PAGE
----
But, let’s let that alone, at least for now, and begin to explore what alternatives might look like. I’ve been exploring for a long time different ways to say this. Here’s one way. Salvation is less a transaction, and more participation in an event. It is less a set of ideas to be believed and more a story in which to participate. It is more than just a change of status, but the offer of participation in a God-empowered way of life.

I’d go even further … salvation has also been mischaracterized as a first and foremost the act of believing in several particular propositions. The virgin birth, the resurrection, the sinless life of Jesus, Jonah being eaten by a whale, for example.

But if salvation is first and foremost participatory — and I’ll proceed under the assumption that it is, though I am open to other interpretations and defenses thereof — then how much does one need to know to be considered “in”?  Traditionally, Christians have required that people believe in certain propositions before they are considered to be “in” or “on the journey” or “Christians” or whatever … but is it too much to expect that the 21st century mind (especially the postmodern one) will automatically ascribe to these propositions?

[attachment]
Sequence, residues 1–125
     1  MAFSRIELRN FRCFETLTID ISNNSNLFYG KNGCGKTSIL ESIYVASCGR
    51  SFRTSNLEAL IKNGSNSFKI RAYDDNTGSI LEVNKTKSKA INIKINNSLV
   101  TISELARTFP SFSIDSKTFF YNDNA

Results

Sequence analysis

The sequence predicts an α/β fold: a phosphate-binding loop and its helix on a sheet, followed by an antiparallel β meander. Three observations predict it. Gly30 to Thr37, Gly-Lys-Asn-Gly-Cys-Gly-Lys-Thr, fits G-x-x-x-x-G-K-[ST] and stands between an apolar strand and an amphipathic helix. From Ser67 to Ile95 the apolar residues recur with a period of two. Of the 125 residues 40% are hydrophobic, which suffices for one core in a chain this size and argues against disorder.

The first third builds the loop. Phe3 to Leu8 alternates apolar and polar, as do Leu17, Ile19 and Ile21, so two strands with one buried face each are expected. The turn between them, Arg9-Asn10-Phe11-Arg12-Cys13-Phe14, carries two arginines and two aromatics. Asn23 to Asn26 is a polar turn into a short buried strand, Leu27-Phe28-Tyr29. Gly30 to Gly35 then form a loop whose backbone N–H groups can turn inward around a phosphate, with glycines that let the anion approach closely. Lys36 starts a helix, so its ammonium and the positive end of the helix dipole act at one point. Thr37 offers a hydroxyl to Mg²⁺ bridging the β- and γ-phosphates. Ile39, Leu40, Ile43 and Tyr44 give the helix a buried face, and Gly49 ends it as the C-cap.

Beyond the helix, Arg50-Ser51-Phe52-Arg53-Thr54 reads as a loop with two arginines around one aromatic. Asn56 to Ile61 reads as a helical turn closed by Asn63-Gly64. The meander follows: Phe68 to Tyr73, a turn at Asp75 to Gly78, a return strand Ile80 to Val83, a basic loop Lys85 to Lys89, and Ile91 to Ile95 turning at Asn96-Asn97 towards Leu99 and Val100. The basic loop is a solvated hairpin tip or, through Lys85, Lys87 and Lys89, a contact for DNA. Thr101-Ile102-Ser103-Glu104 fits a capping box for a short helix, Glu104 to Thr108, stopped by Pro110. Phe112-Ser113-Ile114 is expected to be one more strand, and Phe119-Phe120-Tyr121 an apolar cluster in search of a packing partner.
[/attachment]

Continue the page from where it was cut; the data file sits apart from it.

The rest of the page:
I’d argue that a gospel that is primarily embodied, or participated in, requires only that people believe that the Way of God through Jesus is the very best, most loving, most just way to live — and begin living that way.  As people see that the lived-out gospel is true, and as they find a place in God’s great mission to heal a broken world, they begin to also recognize the truth behind the central propositions of the faith as well.  But instead of this intellectual ascension being the first hurdle to clear, it becomes a gradual last hurdle.

These are thoughts in process … what do you think?

Church and Tupperware Parties